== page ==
Variety of Gallup indicators suggest consumers will spend cautiously
PRINCETON, NJ -- The suspense over whether U.S. consumers will shop 'til they drop or stay home on Black Friday could be a matter of survival for a great many retailers this year. From Americans' pessimistic views about their standard of living, to their frugal estimates of what they will spend on Christmas gifts this year, to their lack of confidence in the overall economy, consumers are sending a strong message that holiday sales will be light.
1. Consumers' Christmas Shopping Estimate
Gallup's most direct advance indicator of holiday retail sales comes from a question asking Americans to estimate the total amount they will spend on Christmas gifts each year.
Gallup's latest Christmas spending figure, from mid-November, found Americans, on average, planning to spend $616. Ominously, this is down 29% from the $866 recorded at a comparable point in November 2007. It is also the lowest holiday spending estimate Gallup has found in any year since it began tracking these trends on an annual basis in 1999.
2. Plans to Increase or Decrease Christmas Budget
A related Gallup question asks consumers whether they plan to spend more, about the same, or less on Christmas gifts than they did the year before. Again, Americans' current answers point to weak holiday sales.
Only 7% of Americans surveyed Nov. 13-16 say they will spend more this year than they did in 2007, while 46% predict they will spend less. Historically, the percentage spending less and the percentage spending more have been more evenly balanced, with only a modest tilt toward less spending.
Furthermore, there is no sign that consumer caution is easing. In fact, in just the past month, the percentage saying they will spend less on gifts this year grew from 35% to 46%, shattering Gallup records maintained since 1990.
3. Financial Comfort
A somewhat less direct measure of consumer willingness to part with cash or rack up credit-card bills this season comes from a question asking Americans about their standard of living. On balance, more Americans today say they feel their standard of living is getting worse, rather than getting better, 45% vs. 36%.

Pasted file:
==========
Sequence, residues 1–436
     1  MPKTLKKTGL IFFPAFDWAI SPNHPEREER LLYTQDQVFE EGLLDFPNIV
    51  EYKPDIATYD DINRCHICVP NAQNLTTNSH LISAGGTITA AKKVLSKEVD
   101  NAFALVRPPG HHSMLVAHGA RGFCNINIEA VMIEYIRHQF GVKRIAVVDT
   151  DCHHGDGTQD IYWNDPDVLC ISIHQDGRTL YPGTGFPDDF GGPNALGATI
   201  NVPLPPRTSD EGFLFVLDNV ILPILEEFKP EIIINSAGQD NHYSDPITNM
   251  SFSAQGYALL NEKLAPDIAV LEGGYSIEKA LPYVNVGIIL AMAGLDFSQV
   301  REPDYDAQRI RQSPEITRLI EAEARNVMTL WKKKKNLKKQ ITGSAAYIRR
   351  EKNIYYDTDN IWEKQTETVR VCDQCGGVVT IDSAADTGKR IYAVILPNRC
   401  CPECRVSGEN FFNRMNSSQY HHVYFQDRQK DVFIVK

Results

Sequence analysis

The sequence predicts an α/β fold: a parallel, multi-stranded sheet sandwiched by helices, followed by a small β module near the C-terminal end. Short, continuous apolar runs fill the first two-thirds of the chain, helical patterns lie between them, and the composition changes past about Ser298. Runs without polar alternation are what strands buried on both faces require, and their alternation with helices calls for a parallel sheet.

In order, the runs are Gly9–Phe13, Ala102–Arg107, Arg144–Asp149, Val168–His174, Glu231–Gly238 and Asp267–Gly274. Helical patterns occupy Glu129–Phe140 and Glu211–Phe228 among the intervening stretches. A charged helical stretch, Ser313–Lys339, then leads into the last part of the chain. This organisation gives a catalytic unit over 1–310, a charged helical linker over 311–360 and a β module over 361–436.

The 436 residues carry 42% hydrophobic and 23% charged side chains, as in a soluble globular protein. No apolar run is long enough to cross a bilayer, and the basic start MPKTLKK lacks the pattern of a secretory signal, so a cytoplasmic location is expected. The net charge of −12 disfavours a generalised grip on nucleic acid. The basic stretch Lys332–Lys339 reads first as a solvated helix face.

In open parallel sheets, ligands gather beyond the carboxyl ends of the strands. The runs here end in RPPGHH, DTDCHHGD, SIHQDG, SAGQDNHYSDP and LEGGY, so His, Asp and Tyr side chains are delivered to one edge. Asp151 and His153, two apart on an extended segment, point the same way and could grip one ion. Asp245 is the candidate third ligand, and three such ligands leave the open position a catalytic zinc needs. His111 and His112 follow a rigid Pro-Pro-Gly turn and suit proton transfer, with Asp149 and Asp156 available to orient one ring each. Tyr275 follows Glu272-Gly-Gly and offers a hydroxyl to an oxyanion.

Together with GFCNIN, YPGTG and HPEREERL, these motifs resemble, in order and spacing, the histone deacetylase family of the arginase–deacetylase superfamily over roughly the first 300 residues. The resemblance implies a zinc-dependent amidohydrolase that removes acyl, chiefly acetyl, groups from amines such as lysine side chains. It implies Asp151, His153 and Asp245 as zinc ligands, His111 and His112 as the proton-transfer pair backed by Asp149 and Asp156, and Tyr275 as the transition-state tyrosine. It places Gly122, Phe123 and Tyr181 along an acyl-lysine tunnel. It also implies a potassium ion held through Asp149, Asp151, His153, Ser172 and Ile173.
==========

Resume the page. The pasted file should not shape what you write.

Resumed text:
Not only are Americans feeling glum about their standard of living, but their current mood sharply contrasts with how they felt at the start of January, when 56% said their standard of living was improving and only 26% said it was declining.
The percentage of Americans worrying about money is also higher today than it was in January, although not dramatically so. A total of 40% currently say they worried about money "yesterday." This includes 14% saying they were very worried and 26% somewhat worried. At the start of the year, 31% were worried, including 7% very worried and 24% somewhat worried.
4. Economic Confidence
Beyond Americans' evaluations of their personal financial wellbeing, they are highly aware of the troubling economic news in the world around them, and that could have a real impact on their willingness to take financial risks.
Gallup tracks consumer confidence in the U.S. economy on a daily basis, reporting the results in ongoing three-day rolling averages. According to the latest results, from Nov. 23-25, nearly three-quarters of Americans (73%) have negative overall views of the national economy, while only 4% have positive views and 19% have mixed views. These summary evaluations come from the independent findings that 60% of Americans consider current economic conditions to be "poor," and that 76% perceive them to be getting worse.
The 2008 Gallup trend in public perceptions about current economic conditions clearly displays the dramatic change in economic mood that has taken place.
Additionally, the late October/November readings on this measure since 1992 punctuate just how negative consumer attitudes are today compared with past holiday retail seasons. Public confidence about the economy is more negative today than at any other time since the trend was established in 1992.
Consumer confidence has undergone a dramatic decline over the past year, sinking this fall to a recent historical low. Americans' awareness of the sharp downturn is reflected in their own economic and financial mood. The question is whether consumers will heed that heightened sense of financial fear and stay home on the day they traditionally help retailers turn a profit, or toss their fear to the wind as they point their car toward the nearest mall.
After several months of lackluster retail sales, it's possible that the promise of heavily discounted prices -- and descending gas prices -- could unleash some of the pent-up demand for clothing, electronics, toys, and other traditional holiday purchases that may have been building up. At least that's what many retailers are hoping.